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dc.contributor.authorKim, Kyongseok
dc.description.abstractThe purpose of this study is to assess the possibility of implementing an online point-of-purchase strategy using third-party privacy certification within the timeframe of initial trust. An online experiment was conducted, using a 2 (third-party seal: present vs. absent) x 2 (purchase-decision involvement: low vs. high) x 2 (self-efficacy: low vs. high) between-subjects design. A total of 209 undergraduate students at a major Southeastern university participated in the experiment. The results provided evidence of trust transference from a well-known third-party seal to an unfamiliar retailer website, indicating that seal presence was shwon to raise initial trust in the website and that the effects of seal presence were mediated by perceived privacy empowerment. It was also revealed that the seal effects were moderated by the levels of one's purchase-decision involvement, disposition to trust, and self-efficacy. Theoretical explanations and managerial implications are further discussed.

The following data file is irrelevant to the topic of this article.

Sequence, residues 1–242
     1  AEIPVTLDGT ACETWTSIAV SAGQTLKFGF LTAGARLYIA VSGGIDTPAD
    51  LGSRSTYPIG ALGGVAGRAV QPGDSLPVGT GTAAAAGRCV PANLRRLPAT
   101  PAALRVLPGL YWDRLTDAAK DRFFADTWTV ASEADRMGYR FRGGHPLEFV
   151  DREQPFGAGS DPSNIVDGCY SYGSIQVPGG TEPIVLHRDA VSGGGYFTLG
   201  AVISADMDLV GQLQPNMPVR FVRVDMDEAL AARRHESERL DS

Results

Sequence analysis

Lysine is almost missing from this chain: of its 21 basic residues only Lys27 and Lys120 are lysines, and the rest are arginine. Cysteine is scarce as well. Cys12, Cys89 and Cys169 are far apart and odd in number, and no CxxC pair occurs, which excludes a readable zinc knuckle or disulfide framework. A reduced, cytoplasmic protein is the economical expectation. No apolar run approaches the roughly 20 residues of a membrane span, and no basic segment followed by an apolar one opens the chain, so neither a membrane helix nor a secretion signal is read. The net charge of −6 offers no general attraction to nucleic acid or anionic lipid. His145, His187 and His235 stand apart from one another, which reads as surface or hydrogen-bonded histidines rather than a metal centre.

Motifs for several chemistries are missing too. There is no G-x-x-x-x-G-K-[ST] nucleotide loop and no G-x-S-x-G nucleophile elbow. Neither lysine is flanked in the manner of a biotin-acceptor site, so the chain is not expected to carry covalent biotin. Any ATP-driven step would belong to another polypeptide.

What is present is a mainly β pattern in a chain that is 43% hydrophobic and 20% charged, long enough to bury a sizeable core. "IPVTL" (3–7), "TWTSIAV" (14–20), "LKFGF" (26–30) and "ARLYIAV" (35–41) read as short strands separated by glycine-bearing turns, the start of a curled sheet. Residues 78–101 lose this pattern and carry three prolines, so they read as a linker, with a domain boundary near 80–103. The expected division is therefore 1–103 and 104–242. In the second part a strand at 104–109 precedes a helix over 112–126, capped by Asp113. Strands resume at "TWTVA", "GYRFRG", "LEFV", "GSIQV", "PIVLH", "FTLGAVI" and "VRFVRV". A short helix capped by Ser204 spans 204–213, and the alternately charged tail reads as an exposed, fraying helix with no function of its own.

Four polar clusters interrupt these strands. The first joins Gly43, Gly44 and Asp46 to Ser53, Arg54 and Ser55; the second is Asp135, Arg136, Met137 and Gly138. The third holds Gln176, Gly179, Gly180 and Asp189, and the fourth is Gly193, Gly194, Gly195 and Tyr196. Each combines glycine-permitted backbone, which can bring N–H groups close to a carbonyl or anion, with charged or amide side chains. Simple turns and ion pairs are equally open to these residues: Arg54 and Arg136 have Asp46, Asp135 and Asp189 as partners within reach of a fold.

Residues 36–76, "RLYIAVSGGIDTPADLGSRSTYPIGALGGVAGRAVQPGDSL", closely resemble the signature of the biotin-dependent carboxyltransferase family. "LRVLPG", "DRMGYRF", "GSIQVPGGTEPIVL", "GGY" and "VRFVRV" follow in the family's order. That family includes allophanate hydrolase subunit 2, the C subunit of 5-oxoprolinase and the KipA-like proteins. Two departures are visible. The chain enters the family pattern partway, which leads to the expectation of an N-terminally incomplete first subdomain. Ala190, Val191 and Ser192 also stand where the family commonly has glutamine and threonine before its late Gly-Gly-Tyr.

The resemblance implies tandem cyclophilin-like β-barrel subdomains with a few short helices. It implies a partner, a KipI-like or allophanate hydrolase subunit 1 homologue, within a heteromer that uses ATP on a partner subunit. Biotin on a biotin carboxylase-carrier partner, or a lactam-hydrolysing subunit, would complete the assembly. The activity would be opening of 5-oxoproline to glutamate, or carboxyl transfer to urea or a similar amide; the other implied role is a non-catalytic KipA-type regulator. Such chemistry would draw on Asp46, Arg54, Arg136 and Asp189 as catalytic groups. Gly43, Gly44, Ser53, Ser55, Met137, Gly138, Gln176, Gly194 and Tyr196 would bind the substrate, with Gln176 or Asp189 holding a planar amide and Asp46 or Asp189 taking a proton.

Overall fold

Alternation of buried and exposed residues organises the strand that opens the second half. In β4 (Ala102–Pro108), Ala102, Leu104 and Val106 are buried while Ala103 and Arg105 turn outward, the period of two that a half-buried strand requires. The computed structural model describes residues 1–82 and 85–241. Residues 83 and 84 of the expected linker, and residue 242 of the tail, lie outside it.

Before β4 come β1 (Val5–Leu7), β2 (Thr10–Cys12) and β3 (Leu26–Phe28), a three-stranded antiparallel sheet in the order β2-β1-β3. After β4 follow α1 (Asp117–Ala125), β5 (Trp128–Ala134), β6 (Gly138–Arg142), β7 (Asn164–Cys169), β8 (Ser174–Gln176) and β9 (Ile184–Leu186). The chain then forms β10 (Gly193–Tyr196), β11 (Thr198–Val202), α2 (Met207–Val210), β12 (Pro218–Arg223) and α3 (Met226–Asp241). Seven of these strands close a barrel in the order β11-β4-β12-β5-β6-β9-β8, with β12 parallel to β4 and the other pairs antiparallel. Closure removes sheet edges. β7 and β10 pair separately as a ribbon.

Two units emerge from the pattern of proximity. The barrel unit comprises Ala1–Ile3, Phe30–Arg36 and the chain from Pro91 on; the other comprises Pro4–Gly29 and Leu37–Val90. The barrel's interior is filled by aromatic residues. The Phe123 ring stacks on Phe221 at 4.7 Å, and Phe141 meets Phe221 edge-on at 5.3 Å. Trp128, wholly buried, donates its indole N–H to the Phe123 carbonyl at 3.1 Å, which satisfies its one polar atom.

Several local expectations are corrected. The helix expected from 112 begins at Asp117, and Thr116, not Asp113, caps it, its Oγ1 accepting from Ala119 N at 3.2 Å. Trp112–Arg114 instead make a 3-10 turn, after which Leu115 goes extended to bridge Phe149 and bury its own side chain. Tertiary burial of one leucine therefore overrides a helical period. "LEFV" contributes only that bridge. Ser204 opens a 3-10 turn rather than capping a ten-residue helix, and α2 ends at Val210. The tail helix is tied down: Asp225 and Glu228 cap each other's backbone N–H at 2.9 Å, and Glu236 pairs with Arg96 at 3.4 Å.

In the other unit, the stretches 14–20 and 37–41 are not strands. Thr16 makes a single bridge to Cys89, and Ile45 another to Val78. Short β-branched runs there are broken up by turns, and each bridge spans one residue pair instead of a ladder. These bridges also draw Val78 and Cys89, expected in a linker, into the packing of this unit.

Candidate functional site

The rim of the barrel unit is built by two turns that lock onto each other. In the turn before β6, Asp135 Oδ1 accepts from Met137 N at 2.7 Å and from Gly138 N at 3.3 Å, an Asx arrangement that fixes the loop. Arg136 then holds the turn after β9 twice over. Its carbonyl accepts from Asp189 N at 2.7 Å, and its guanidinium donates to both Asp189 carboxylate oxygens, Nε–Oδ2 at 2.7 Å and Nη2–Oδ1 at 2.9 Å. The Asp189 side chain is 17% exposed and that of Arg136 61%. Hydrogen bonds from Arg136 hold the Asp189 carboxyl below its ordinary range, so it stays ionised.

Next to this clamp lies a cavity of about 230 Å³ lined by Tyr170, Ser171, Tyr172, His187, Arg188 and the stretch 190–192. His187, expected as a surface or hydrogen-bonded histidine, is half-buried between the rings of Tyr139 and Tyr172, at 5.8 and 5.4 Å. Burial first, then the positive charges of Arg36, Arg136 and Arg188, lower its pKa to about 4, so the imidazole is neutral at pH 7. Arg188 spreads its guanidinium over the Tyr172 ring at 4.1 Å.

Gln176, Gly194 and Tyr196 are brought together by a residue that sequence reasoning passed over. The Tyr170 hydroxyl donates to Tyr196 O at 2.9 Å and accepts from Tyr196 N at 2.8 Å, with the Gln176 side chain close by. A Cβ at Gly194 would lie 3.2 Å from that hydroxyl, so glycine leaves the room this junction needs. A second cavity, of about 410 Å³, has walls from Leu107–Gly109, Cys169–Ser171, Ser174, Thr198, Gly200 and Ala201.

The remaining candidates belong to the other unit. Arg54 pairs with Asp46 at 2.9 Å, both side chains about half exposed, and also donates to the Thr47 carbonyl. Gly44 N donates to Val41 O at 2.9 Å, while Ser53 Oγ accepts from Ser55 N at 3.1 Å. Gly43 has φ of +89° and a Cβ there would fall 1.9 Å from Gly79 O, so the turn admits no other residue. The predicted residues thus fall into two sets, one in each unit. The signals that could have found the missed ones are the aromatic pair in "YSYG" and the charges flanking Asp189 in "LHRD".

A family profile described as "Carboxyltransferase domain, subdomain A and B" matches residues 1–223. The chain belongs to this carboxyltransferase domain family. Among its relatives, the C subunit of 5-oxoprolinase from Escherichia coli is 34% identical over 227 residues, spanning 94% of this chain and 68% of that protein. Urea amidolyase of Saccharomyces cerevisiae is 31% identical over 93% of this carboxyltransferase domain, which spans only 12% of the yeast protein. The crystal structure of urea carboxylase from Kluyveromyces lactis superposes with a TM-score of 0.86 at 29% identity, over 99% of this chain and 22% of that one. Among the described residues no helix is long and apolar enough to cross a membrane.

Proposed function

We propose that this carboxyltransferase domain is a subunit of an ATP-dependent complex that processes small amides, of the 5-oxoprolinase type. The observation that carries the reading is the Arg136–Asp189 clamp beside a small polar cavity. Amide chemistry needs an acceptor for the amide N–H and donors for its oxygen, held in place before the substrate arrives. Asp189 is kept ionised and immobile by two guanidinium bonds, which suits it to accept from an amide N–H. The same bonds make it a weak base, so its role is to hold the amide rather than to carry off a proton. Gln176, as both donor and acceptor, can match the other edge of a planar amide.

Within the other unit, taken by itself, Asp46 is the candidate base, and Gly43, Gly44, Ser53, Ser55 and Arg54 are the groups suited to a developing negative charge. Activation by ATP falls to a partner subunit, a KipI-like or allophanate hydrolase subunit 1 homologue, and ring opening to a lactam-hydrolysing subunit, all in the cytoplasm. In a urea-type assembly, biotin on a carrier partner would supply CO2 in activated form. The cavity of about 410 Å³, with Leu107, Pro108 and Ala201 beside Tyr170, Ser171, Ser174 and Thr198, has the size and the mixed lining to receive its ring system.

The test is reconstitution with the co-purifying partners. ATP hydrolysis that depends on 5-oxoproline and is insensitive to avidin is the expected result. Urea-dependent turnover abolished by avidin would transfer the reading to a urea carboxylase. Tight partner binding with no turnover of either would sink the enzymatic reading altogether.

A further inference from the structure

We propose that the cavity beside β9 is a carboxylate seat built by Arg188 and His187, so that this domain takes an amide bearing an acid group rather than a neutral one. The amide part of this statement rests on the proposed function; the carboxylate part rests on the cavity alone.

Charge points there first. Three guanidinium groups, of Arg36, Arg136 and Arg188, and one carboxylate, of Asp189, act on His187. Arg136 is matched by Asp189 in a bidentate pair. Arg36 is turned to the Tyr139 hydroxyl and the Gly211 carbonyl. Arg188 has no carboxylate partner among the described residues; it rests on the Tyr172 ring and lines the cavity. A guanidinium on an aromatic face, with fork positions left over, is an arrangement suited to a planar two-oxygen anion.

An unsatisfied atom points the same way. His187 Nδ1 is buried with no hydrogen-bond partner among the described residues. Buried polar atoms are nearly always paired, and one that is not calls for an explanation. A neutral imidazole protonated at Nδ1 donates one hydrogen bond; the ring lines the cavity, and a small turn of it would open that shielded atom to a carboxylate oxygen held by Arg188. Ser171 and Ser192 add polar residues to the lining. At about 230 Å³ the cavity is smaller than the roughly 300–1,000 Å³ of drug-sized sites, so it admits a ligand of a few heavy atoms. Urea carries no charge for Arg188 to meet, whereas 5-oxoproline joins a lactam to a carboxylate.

dc.subjectThird-Party Privacy Certification
dc.subjectPoint of Purchase
dc.subjectOrder Page
dc.subjectInitial Trust
dc.subjectPerceived Privacy Empowerment
dc.titleThird-party certification as an online point-of-purchase strategy
dc.title.alternativeinvestigation of an initial trust model
dc.description.departmentGrady College of Journalism and Mass Communication
dc.description.majorJournalism and Mass Communication
dc.description.advisorJooYoung Kim
dc.description.committeeJooYoung Kim
dc.description.committeeSpencer Tinkham
dc.description.committeeKaren King

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